Featured image 1800x1200 (14)

When the World Drives you up the Wall

Put your legs up and get your stress down - By Tracy King

Reading time: 3 minutes

Stress has become an increasingly common part of our lives, so much so, that we start to normalise and accept its presence. Elevated cortisol (stress hormone) can have detrimental effects on both our mental and physical well-being.

Cortisol is produced by the adrenal glands in response to perceived threats or stressors. While cortisol is crucial for maintaining energy and regulating bodily functions, chronically elevated levels can lead to a range of health issues, including fatigue, anxiety, weight gain, and compromised immune function. Managing cortisol levels is essential for maintaining optimal health.

Recognising the signs of  high cortisol levels is important, as this recognition allows you to take positive steps for change. The following signs may indicate high cortisol (remember always seek the advice of a healthcare professional if you are unsure about aspects of your wellbeing):

1. Sleep Disturbances:

One of the earliest signs of high cortisol levels is changes in sleep patterns. Experiencing difficulty falling asleep, staying asleep, or waking up feeling unrested can indicate an imbalance in cortisol. Increased levels of cortisol can disrupt the natural sleep-wake cycle, leading to insomnia or interrupted sleep. If you find yourself tossing and turning at night or feeling perpetually fatigued, it may be worth considering cortisol as a potential factor.

2. Weight Gain and Difficulty Losing Weight:

Elevated cortisol levels can interfere with metabolism and disrupt the body's ability to maintain a healthy weight. It can lead to increased appetite, particularly for high-calorie and sugary foods. This can cause weight gain, particularly around the abdomen, as cortisol promotes fat storage in that area. If you notice unexplained weight gain or struggle to shed pounds despite a balanced diet and exercise, cortisol imbalances could be a contributing factor.

3. Mood Swings and Irritability:

Cortisol influences our emotional well-being, and high levels can exacerbate feelings of stress, anxiety, and irritability. You may find yourself easily overwhelmed, emotionally reactive, or experiencing frequent mood swings. Chronic cortisol elevation may also contribute to feelings of depression and a sense of being constantly on edge. It is essential to recognise these emotional changes and explore potential cortisol-related factors.

4. Impaired Cognitive Function:

Chronic stress and high cortisol levels can impact cognitive function, leading to difficulties with concentration, memory, and decision-making. You may experience brain fog, poor focus, and reduced mental clarity. These cognitive impairments can interfere with productivity, learning, and overall quality of life. If you notice persistent mental sluggishness without any apparent cause, cortisol levels may be worth investigating.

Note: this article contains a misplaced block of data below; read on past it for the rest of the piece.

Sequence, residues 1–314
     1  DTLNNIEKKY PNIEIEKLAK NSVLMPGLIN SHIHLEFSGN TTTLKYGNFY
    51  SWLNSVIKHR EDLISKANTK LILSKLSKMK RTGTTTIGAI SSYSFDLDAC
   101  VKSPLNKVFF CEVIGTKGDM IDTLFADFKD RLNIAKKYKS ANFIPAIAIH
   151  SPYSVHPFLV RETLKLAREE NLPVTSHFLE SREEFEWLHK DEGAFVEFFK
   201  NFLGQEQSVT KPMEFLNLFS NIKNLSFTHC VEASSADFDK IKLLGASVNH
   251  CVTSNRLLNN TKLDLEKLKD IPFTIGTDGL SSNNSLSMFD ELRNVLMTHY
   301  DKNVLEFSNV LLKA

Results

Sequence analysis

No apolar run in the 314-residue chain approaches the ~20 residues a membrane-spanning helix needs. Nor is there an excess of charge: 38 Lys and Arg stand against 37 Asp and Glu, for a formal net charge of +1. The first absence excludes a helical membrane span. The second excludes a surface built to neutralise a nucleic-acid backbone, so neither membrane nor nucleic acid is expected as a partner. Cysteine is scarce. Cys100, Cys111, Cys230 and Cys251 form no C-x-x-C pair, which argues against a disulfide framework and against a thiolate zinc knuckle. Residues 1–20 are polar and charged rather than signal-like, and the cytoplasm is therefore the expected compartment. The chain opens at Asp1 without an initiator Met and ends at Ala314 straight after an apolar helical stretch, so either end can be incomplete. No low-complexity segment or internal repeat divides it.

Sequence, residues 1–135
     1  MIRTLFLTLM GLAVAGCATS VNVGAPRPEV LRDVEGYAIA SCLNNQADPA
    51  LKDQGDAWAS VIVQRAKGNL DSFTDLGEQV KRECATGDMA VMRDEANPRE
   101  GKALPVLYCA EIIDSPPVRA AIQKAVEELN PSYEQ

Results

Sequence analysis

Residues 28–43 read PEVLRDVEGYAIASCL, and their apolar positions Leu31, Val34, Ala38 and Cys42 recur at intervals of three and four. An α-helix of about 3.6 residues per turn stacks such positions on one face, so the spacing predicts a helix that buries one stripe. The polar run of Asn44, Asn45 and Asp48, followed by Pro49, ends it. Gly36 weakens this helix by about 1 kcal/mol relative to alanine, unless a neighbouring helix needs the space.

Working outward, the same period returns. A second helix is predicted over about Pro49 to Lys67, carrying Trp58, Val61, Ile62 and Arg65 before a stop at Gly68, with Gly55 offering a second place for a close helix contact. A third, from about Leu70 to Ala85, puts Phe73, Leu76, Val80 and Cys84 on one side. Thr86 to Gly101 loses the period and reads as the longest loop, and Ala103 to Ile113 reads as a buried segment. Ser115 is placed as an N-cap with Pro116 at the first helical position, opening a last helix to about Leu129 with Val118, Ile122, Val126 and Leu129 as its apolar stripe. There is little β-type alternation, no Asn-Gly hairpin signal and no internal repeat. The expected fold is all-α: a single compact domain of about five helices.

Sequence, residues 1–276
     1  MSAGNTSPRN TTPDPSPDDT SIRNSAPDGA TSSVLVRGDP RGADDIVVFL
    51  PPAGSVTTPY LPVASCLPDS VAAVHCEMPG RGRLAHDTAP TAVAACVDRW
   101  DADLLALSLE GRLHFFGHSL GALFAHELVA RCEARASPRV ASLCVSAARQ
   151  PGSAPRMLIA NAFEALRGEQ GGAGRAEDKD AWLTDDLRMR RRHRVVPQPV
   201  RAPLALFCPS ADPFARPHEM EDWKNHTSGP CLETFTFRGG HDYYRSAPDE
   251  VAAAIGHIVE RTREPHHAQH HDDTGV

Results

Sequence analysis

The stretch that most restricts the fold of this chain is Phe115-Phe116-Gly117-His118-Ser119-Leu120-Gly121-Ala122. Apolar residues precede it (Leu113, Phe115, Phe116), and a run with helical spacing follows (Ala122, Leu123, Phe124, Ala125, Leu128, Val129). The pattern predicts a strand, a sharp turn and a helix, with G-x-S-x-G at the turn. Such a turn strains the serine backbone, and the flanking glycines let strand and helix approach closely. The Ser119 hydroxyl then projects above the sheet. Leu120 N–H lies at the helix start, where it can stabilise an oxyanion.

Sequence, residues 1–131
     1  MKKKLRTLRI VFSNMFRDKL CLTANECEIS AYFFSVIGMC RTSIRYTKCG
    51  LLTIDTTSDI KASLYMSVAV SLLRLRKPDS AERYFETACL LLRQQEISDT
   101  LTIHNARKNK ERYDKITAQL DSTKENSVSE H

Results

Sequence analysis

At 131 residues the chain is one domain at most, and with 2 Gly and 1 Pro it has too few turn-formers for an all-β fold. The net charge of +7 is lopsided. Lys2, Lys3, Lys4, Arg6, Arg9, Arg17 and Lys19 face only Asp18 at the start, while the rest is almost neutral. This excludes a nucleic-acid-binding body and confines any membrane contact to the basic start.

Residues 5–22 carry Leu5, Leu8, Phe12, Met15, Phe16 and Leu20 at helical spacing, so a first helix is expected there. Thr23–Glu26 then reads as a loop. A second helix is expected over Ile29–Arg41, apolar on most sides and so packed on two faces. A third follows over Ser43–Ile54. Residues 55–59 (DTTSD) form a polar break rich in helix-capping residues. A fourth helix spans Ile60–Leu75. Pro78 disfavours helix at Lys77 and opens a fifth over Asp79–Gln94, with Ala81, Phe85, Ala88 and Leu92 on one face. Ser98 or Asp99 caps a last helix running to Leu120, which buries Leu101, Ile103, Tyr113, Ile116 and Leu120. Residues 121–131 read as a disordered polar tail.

5. Weakened Immune System:

Elevated cortisol levels suppress the immune system, making individuals more susceptible to infections, allergies, and illnesses. If you find that you frequently fall ill or experience a prolonged recovery time, your cortisol levels could be chronically high. It is crucial to address this issue to protect and strengthen your immunity.

There are simple and accessible techniques that can help reduce cortisol and promote relaxation.  One of the most simplest interventions is the “Legs Up the Wall" yoga pose as a natural way to decrease cortisol levels and induce a state of deep relaxation.

This pose known as Viparita Karani in Sanskrit, is a gentle and restorative yoga posture in which you lay on your back with legs extended vertically against a wall. This pose creates a gentle inversion effect, allowing blood to flow from the lower extremities back to the heart, as well as triggering the relaxation response in the body's nervous system. By activating the parasympathetic nervous system, the body can shift into a state of rest and digest.

By assuming the "Legs Up the Wall" pose, blood and lymphatic fluid flow are facilitated, promoting detoxification within the body. Improved circulation helps remove waste products and toxins while delivering fresh oxygen and nutrients to the tissues. This gentle inversions also prevent blood from pooling in the lower limbs, reducing swelling and alleviating the strain on the cardiovascular system.

The "Legs Up the Wall" pose encourages deep diaphragmatic breathing, promoting a relaxation response. As the body begins to relax, the parasympathetic nervous system is activated, leading to a decrease in cortisol production. This shift from the fight-or-flight response to the rest-and-digest state allows the body to recover and rejuvenate.

Aside from reducing cortisol levels, "Legs Up the Wall" pose offers additional benefits, such as stress reduction, improved sleep quality, enhanced digestion, and relief from swollen or tired legs. It can also help alleviate tension in the lower back and legs, making it an excellent posture for individuals who spend long hours sitting or standing.

Give yourself permission to take a break, elevate your legs up a wall, and allow the healing benefits of decreased cortisol levels to unfold.

Tracy King

Dr. Tracy King is a Clinical Psychologist, Coach, Hypnotherapist, 500 hour Yoga and Meditation Teacher and Writer who works holistically.